Succession Planning after ATRA 2012 – Captives With Exit

By September 16, 2013 October 25th, 2018 Business Blog, Fred Whitaker

Fred Whitaker

Throughout the previous blog posts, we have been examining the use of a Captive Insurance Company – specifically, Internal Revenue Code Section 831(b) small insurance company captive to save current taxation.  In summary, you can self-insure company risks and pay premiums to your own wholly owned insurance captive.  Instead of paying tax on profits, you receive a deduction for premiums.  Your Section 831(b) small insurance company is allowed to earn up to $1.2mm per year in premiums without paying any federal income tax on them.  It only pays tax on the investment income.

Last blog post, we showed that life insurance can be a tax efficient investment vehicle for the Captive.  Since the premiums paid to the Captive are not taxed, but the investment income is taxed, tax free growth inside a life insurance policy can be very attractive.  This month we will wrap up the discussion of Captives with exit and succession planning.  In other words, several years down the road, how do we tax efficiently exit?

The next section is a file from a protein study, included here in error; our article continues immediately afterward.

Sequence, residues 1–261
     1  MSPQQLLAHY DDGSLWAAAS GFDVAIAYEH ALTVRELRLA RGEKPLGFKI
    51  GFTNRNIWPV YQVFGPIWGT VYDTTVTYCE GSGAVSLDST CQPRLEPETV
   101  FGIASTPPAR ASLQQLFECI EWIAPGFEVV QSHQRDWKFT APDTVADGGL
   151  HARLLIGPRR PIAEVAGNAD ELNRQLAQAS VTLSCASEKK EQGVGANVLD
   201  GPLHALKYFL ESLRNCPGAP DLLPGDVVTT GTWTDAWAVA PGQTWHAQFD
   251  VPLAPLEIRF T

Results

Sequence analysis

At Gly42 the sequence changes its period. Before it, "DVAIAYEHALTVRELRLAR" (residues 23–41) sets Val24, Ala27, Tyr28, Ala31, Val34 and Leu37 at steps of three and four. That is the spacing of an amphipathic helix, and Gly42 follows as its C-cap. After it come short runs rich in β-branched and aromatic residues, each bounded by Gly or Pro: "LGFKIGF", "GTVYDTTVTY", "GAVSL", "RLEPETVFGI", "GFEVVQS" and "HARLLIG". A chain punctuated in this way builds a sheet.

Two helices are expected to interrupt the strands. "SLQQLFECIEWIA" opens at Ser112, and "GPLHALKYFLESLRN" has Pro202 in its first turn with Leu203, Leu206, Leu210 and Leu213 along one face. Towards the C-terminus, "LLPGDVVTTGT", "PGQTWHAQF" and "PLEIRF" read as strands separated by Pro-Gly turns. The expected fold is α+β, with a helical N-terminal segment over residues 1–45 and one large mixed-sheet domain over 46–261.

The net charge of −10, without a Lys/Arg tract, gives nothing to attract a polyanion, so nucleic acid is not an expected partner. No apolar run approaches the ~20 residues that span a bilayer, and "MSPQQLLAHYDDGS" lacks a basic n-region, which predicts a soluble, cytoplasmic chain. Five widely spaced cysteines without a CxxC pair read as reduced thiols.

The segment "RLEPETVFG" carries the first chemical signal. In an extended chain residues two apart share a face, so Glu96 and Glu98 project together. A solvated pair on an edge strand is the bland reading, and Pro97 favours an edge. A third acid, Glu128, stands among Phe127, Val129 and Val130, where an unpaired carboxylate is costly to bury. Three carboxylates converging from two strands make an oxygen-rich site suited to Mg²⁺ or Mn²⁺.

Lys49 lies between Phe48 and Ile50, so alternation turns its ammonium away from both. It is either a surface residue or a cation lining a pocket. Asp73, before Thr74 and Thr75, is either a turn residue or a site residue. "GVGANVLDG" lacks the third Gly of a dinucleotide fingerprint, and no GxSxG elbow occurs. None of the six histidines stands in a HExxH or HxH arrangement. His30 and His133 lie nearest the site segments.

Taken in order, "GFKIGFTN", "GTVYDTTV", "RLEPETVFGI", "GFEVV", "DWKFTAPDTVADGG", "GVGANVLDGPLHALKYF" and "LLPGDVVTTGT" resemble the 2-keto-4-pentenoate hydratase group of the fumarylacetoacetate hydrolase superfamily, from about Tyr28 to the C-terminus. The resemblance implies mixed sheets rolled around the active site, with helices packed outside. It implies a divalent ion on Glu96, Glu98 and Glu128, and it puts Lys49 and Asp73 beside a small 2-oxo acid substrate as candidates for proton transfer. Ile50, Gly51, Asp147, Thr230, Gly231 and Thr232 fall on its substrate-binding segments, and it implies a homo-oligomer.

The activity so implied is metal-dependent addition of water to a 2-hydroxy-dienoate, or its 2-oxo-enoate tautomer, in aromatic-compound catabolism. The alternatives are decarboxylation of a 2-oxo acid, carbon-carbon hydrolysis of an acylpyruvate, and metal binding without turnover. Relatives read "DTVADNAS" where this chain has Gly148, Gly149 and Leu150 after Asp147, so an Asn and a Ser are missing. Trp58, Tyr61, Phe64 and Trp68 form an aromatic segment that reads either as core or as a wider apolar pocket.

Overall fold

When an insurance company has no claims and builds up too many reserves, it is required by law to do one of two things – provide return premiums to the insured, or pay dividends to the shareholders.  If we return premiums to your operating company that creates taxable income where we took a deduction.  Not very efficient. It can work when you need cash back in the operating company and don’t mind the taxable income.  The deferral of taxation has some value. However, the best exit strategy is to instead pay a dividend to the shareholders of the Captive.  In the top income tax brackets under ATRA 2012, the Federal tax rate is 20%.  You just took profits taxable at 39.5% Federal and paid no tax on them for several years, then took them out at almost 20% less in taxation.   If the next generation are the owner’s of the captive, we have added succession to the exit by moving the without the 40% gift and estate tax.  We also protected it from your creditors.

The final exit/succession benefit is in the transition. If you intend to pass the operating company down to the next generation, the years of premiums depressing earnings have depressed the value, helping reduce estate and gift tax and/or lowering the sales price.  If you intend to sell to a 3rd party, you can demonstrate the free cash flow from discontinued premiums, increasing the sale price. So you took out profits without tax, but can still harvest the value.   Nothing in the current law beats captives for the amount of tax value.

In my next blog post, we’ll look at the tax affects of the Affordable Care Act and how to mitigate them.

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IRS Circular 230 Disclosure:

To ensure compliance with requirements imposed by the IRS, we inform you that any U.S. tax advice contained in this communication (including any attachments) is not intended or written to be used, and cannot be used for the purpose of (i) avoiding penalties under the Internal Revenue Code, or (ii) promoting, marketing or recommending to another party any matters addressed herein.